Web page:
Interestingly, many women who have used a dating app or are open to using one are not keen to see credit scores on dating profiles. Half of the women who did not choose the profile with “excellent” credit (51%) say it’s because they don’t need to know and 46% went as far as to say they did not like that they included their credit score on their profile.
Given many women don’t appear to be interested in seeing a potential partner’s credit score, it’s not surprising that 64% of those who have ever used a dating app, or are open to using one, say they would never include their own credit score on their dating profile, compared to 50% of men of the same cohort. Men might also care more about a potential partner’s overall financial situation. More than half of men who have ever used a dating app, or are open to using one (54%), wish dating apps could filter by financial status, compared to 46% of women of the same group.
“Those in pursuit of a romantic partner often optimize for alignment around things like religion, cultural values, social views, and, increasingly, finances,” said Courtney Alev, consumer financial advocate at Credit Karma. “Because finances play such a vital role in relationships, and can cause a lot of issues if two people don’t see eye to eye, or don’t have the same financial goals, it’s good practice to get on the same page financially as early on in a relationship as possible. Adding your credit score to your dating profile can be a fun and light way to check the box on financial compatibility when first engaging with potential suitors. Not only can it serve as a funny conversation starter, but it also signals to someone that you are financially stable, and likely expect your partner to be as well. If you do include your score on your dating profile, just be vigilant about not putting yourself in a vulnerable situation where you could be taken advantage of by potential fraudsters – a good practice in online dating, regardless of your credit score.”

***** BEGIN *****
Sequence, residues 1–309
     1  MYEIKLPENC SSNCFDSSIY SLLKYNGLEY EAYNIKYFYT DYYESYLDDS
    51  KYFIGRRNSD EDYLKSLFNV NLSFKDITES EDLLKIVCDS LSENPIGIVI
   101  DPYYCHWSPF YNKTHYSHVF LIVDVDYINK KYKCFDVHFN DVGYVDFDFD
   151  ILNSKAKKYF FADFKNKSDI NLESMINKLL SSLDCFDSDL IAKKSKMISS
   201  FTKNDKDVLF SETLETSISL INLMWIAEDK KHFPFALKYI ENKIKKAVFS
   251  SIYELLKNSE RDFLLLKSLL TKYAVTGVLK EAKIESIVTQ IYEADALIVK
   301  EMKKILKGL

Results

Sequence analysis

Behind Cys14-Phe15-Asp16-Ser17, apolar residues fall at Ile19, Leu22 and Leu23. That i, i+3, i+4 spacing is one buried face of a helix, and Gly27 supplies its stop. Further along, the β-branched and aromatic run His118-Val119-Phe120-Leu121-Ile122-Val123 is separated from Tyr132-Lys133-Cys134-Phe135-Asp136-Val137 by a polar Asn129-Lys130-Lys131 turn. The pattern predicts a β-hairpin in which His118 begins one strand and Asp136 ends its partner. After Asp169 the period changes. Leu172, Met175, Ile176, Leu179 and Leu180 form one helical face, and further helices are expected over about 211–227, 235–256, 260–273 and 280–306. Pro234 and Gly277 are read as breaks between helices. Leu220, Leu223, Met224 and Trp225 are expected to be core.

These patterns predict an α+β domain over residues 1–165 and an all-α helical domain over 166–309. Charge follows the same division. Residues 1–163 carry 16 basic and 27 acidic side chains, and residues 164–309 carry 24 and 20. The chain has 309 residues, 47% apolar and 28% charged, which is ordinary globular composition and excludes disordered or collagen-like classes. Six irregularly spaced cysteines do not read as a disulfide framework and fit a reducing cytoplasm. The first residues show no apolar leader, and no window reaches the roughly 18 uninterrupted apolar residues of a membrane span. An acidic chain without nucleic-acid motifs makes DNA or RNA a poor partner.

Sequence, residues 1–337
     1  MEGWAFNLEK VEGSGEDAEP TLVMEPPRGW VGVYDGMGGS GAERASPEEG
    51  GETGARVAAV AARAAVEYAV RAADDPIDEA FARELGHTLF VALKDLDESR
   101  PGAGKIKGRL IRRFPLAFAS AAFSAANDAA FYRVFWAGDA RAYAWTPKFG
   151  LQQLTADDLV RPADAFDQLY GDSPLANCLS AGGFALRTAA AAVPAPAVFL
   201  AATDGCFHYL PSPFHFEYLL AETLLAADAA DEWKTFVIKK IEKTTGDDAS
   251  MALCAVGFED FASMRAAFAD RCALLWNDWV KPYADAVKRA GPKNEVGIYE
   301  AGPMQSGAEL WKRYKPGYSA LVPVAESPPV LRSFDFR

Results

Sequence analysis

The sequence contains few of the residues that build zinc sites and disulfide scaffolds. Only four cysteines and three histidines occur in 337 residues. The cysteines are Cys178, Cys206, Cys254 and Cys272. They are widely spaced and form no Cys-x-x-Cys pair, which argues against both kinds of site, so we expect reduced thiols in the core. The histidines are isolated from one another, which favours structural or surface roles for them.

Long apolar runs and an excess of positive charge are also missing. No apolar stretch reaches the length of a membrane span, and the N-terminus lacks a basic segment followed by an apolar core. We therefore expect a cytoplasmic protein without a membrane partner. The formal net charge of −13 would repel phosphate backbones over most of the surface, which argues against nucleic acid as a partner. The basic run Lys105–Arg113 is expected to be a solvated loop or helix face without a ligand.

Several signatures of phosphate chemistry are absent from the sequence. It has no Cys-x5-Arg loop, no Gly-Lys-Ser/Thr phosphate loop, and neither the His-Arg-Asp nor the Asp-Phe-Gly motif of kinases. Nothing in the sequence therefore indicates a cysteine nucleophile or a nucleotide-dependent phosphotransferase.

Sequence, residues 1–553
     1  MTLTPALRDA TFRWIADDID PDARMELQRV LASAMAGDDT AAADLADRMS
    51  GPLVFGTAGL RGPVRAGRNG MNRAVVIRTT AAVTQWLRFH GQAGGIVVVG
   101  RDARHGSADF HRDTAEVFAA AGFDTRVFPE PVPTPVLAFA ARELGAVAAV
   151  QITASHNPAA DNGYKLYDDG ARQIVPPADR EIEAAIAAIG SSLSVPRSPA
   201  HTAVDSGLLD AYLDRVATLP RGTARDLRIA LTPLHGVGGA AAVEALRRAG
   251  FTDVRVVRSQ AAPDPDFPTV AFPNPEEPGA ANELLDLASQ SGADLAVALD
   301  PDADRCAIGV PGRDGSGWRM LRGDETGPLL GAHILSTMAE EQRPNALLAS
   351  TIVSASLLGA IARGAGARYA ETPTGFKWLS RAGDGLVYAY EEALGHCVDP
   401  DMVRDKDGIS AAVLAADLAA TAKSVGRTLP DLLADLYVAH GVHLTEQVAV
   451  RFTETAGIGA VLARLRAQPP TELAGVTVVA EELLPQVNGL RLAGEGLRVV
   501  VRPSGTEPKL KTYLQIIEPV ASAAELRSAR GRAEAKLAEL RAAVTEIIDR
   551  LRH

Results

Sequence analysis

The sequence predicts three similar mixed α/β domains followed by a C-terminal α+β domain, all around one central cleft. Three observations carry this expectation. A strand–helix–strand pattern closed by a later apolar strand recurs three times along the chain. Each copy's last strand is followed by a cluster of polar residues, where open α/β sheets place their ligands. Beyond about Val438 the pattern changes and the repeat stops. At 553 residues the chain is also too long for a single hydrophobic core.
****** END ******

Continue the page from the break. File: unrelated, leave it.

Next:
This survey was conducted online within the United States by The Harris Poll on behalf of Credit Karma from January 18-22, 2024, among 1,041 US adults ages 18 and older who have ever used a dating app or would be open to doing so. The sampling precision of Harris online polls is measured by using a Bayesian credible interval. For this study, the sample data is accurate to within +/- 3.6 percentage points using a 95% confidence level. For complete survey methodology, including weighting variables and subgroup sample sizes, please contact email@example.com.